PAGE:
You might know Secure Shell (SSH) as a tool that lets you encrypt access to a remote UNIX shell. However, SSH can also secure any TCP- or UDP-based application—including Windows file sharing—by forwarding traffic over the SSH secure connection. SSH Tectia, a commercial SSH implementation from SSH Communications Security, brings this functionality to Windows. SSH Tectia offers some excellent advantages over free alternatives, but unfortunately I was unable to get some of the product's key Windows functionality working correctly.
In addition to SSH Tectia's regular client and server components, SSH Communications Security offers Tectia Connector, a special SSH client that securely forwards a local application's network traffic to a remote server based on an administrator's configuration. End users don't have to start the client or specify a server to connect to. Instead of connecting two networks, as a VPN does, Tectia Connector simply connects a client application directly to its server counterpart. You no longer need to allow promiscuous remote machines to access any host and port on your network or set up complex routing for VPN clients.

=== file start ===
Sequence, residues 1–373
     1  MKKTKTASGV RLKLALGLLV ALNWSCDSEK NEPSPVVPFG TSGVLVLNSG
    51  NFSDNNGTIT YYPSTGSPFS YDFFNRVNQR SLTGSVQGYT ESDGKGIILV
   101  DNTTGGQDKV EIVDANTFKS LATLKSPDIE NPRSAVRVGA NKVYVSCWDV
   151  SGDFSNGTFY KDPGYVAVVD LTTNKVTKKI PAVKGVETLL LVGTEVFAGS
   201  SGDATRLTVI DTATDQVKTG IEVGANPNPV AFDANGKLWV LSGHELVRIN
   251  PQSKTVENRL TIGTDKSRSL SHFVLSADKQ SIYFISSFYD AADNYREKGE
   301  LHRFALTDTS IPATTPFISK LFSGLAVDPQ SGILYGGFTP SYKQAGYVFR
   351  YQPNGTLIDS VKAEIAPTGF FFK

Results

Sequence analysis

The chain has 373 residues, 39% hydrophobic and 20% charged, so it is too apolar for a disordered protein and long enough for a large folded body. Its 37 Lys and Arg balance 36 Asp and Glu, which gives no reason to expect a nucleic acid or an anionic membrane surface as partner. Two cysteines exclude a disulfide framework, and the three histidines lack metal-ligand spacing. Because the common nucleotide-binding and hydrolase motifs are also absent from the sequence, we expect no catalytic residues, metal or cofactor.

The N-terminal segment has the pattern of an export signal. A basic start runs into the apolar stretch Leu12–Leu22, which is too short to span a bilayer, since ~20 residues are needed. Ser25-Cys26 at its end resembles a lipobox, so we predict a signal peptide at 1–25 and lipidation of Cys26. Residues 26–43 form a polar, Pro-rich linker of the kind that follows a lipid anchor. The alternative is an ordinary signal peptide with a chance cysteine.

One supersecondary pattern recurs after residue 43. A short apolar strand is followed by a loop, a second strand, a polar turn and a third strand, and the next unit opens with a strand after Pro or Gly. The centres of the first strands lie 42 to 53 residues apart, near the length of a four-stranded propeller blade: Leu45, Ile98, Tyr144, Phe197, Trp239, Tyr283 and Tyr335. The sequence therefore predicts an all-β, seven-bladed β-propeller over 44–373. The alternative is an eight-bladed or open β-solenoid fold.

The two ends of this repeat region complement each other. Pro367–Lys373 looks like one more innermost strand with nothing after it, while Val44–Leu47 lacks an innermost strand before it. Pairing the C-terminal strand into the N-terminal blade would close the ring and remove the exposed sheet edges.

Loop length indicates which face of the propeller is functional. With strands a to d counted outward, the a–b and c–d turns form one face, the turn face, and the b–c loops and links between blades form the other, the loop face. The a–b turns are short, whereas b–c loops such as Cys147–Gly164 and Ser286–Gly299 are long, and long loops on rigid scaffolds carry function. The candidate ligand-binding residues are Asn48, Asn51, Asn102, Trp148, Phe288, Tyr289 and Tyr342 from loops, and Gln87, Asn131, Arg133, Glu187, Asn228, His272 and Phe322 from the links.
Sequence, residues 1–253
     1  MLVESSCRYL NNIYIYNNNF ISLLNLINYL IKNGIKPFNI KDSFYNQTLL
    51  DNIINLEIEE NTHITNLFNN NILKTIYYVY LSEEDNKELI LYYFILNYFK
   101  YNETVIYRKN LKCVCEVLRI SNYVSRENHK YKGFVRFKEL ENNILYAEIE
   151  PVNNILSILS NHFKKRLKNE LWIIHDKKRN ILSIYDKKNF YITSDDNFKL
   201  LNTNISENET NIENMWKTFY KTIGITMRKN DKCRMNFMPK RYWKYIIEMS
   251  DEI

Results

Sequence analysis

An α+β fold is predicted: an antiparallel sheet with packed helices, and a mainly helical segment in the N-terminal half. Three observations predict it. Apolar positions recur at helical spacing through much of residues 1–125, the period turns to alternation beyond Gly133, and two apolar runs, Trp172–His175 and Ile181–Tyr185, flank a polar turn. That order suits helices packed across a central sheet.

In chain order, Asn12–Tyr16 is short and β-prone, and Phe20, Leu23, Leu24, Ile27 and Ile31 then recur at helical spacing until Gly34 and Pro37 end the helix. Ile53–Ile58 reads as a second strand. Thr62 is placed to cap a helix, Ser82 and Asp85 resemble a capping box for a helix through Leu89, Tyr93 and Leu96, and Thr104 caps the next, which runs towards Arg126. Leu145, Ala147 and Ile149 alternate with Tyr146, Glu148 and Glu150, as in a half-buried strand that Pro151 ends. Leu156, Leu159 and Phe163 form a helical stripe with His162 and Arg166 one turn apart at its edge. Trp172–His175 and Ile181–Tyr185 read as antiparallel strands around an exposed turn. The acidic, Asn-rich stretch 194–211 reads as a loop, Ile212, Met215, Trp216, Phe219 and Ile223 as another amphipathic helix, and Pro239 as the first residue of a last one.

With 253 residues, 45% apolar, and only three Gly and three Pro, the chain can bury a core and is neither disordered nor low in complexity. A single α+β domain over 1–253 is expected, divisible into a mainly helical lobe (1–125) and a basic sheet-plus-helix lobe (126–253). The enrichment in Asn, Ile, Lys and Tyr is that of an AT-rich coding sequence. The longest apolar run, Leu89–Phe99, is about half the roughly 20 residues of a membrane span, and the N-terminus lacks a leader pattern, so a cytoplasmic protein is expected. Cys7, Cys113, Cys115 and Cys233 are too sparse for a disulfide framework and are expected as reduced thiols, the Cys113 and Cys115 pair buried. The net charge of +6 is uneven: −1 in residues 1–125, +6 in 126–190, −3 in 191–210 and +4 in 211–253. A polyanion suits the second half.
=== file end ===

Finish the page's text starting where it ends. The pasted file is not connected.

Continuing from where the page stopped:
For authentication, SSH Tectia can use passwords, private keys, certificates, RADIUS, RSA SecurID, and GSSAPI, a method that should allow Windows domain users to authenticate via Kerberos or NT LAN Manager (NTLM) without reentering their password. However, despite hours of tech support and an OS reinstallation, I couldn't get GSSAPI to work. Considering the lack of a Windows version of the product's Tectia Manager component and GSSAPI unreliability, I don't think SSH Tectia is quite ready for prime time in the Windows realm.
| Contact: SSH Communications Security * 781-431-0863 |
Price: Contact vendor for pricing
Pros: SSH encrypted tunneling is transparent to the end user
Cons: Domain user authentication is unreliable, no management server for Windows
Rating: 2 out of 5
Recommendation: SSH has the potential to become a more secure replacement for VPNs, but the current version isn't yet ready for the Windows market.